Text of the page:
Theory of Economic Growth

By Michio Morishima | Go to book overview

XVI Simultaneous Optimization of Population and Capital

1. How much of its income should a nation save? This problem of optimum savings has been discussed by Ramsey on the assumption of a constant population and later by a number of economists on the more general assumption that the labour force expands at a constant rate exogenously fixed. Different rates of population growth lead to different solutions; that is to say, the path of optimum capital accumulation is relative to the population growth.

On the other hand, Meade and others have been concerned with the problem of optimum population, assuming among other things that at any given time the economy is provided with a given rate of savings as well as a given stock of capital equipment to be used. 1 It follows that the path of optimum population is relative to capital accumulation. In fact a population growth that is optimal in some circumstances would be too fast in other circumstances—say, when capital is accumulated at a very low rate.

It is evident that these two partial optimizations procedures should be synthesized so as to give a genuine supreme path which is an optimum with respect to both capital and population. We devote this final chapter to a generalization of the Ramsey-Meade problem in that direction and show that two kinds of long-run paths—efficient and optimum paths—will under some conditions converge to the Golden Growth path when the time-horizon of the paths becomes infinite. Efficiency is defined in terms of the 'final' outcomes of paths, while optimality takes into account not only the final states but also intermediate states en route. Two long-run tendencies we shall derive may be regarded as extensions of those discussed in the chapters entitled First and Second Turnpike Theorems.

2. In the previous chapter, the Silvery or Golden Equilibrium has been compared, for efficiency and Pareto Optimality, with feasible paths starting from an initial position from which the economy can grow in equilibrium without discarding any labour but possibly discarding some goods. 2 It is

-289-

Notes for this page

Add a new note
If you are trying to select text to create highlights or citations, remember that you must now click or tap on the first word, and then click or tap on the last word.
One moment ...
Default project is now your active project.
Project items

Items saved from this book

This book has been saved
Highlights (0)
Some of your highlights are legacy items.

Highlights saved before July 30, 2012 will not be displayed on their respective source pages.

You can easily re-create the highlights by opening the book page or article, selecting the text, and clicking “Highlight.”

Citations (0)
Some of your citations are legacy items.

Any citation created before July 30, 2012 will labeled as a “Cited page.” New citations will be saved as cited passages, pages or articles.

We also added the ability to view new citations from your projects or the book or article where you created them.

Notes (0)
Bookmarks (0)

You have no saved items from this book

Project items include:
  • Saved book/article
  • Highlights
  • Quotes/citations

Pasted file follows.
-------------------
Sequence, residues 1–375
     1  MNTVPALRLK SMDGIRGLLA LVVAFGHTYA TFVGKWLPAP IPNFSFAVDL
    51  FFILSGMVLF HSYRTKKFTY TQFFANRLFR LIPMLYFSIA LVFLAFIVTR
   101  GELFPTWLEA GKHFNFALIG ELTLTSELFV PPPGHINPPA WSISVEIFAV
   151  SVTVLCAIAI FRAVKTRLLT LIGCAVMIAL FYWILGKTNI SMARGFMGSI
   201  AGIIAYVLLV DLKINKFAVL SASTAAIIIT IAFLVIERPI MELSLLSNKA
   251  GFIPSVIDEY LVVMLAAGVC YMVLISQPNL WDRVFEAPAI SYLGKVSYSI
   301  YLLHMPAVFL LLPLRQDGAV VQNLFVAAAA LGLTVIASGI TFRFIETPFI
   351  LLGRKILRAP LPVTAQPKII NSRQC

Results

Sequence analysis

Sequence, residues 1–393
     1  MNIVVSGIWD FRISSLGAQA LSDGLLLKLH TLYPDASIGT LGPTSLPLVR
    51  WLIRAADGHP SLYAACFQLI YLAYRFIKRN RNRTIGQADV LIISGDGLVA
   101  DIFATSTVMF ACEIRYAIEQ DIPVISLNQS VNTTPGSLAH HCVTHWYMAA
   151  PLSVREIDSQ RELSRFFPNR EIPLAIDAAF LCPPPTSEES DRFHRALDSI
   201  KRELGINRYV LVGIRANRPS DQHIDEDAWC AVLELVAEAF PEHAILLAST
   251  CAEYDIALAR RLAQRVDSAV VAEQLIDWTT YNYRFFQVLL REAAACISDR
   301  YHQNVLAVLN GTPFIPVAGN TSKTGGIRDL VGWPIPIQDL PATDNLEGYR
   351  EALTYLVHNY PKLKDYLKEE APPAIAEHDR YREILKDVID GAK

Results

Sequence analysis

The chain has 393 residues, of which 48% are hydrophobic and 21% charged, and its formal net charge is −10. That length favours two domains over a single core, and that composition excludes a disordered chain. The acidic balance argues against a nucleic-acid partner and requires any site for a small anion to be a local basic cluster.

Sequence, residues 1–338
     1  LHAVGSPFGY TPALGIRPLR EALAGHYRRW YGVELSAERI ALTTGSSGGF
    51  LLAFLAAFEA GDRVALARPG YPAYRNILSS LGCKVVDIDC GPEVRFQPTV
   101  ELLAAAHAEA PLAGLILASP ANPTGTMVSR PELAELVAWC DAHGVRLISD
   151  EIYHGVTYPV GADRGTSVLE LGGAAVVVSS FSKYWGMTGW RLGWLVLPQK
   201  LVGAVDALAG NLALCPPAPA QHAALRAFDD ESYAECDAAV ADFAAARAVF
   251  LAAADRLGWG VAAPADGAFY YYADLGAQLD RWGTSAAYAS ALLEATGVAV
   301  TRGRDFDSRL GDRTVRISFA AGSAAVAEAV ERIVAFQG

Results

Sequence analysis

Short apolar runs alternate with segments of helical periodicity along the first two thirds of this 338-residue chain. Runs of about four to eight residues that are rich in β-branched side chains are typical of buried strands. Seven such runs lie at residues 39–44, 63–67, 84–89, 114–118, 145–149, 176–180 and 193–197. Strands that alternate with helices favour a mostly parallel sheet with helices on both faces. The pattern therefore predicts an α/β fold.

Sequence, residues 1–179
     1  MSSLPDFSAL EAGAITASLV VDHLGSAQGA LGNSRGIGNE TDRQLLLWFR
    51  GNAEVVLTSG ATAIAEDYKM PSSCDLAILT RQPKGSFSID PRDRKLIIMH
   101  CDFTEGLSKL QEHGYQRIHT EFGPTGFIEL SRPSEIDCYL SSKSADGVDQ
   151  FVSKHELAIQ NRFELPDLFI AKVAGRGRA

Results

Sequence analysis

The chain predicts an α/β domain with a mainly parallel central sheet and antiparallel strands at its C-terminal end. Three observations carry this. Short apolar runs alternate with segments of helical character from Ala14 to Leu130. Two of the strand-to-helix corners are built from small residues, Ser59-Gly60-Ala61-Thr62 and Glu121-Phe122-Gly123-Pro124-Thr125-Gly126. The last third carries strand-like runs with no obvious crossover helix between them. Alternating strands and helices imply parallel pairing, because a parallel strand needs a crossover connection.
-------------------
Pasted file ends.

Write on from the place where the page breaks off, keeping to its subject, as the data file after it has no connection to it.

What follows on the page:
• Notes
  • Bookmarks
Notes
Cite this page

Cited page

Style
Citations are available only to our active members.
Sign up now to cite pages or passages in MLA, APA and Chicago citation styles.

(Einhorn, 1992, p. 25)

(Einhorn 25)

1

1. Lois J. Einhorn, Abraham Lincoln, the Orator: Penetrating the Lincoln Legend (Westport, CT: Greenwood Press, 1992), 25, http://www.questia.com/read/27419298.

Cited page

Bookmark this page
Theory of Economic Growth
Table of contents

Table of contents

Settings

Settings

Typeface
Text size Smaller Larger Reset View mode
Search within

Search within this book

Look up

Look up a word

  • Dictionary
  • Thesaurus
Please submit a word or phrase above.
Print this page

Print this page

Why can't I print more than one page at a time?

Full screen
/ 314

matching results for page

Cited passage

Style
Citations are available only to our active members.
Sign up now to cite pages or passages in MLA, APA and Chicago citation styles.

"Portraying himself as an honest, ordinary person helped Lincoln identify with his audiences." (Einhorn, 1992, p. 25).

"Portraying himself as an honest, ordinary person helped Lincoln identify with his audiences." (Einhorn 25)

"Portraying himself as an honest, ordinary person helped Lincoln identify with his audiences."1

1. Lois J. Einhorn, Abraham Lincoln, the Orator: Penetrating the Lincoln Legend (Westport, CT: Greenwood Press, 1992), 25, http://www.questia.com/read/27419298.

Cited passage

Welcome to the new Questia Reader

The Questia Reader has been updated to provide you with an even better online reading experience.  It is now 100% Responsive, which means you can read our books and articles on any sized device you wish.  All of your favorite tools like notes, highlights, and citations are still here, but the way you select text has been updated to be easier to use, especially on touchscreen devices.  Here's how:

1. Click or tap the first word you want to select.
2. Click or tap the last word you want to select.

OK, got it!

Thanks for trying Questia!

Please continue trying out our research tools, but please note, full functionality is available only to our active members.

Your work will be lost once you leave this Web page.

For full access in an ad-free environment, sign up now for a FREE, 1-day trial.

Already a member? Log in now.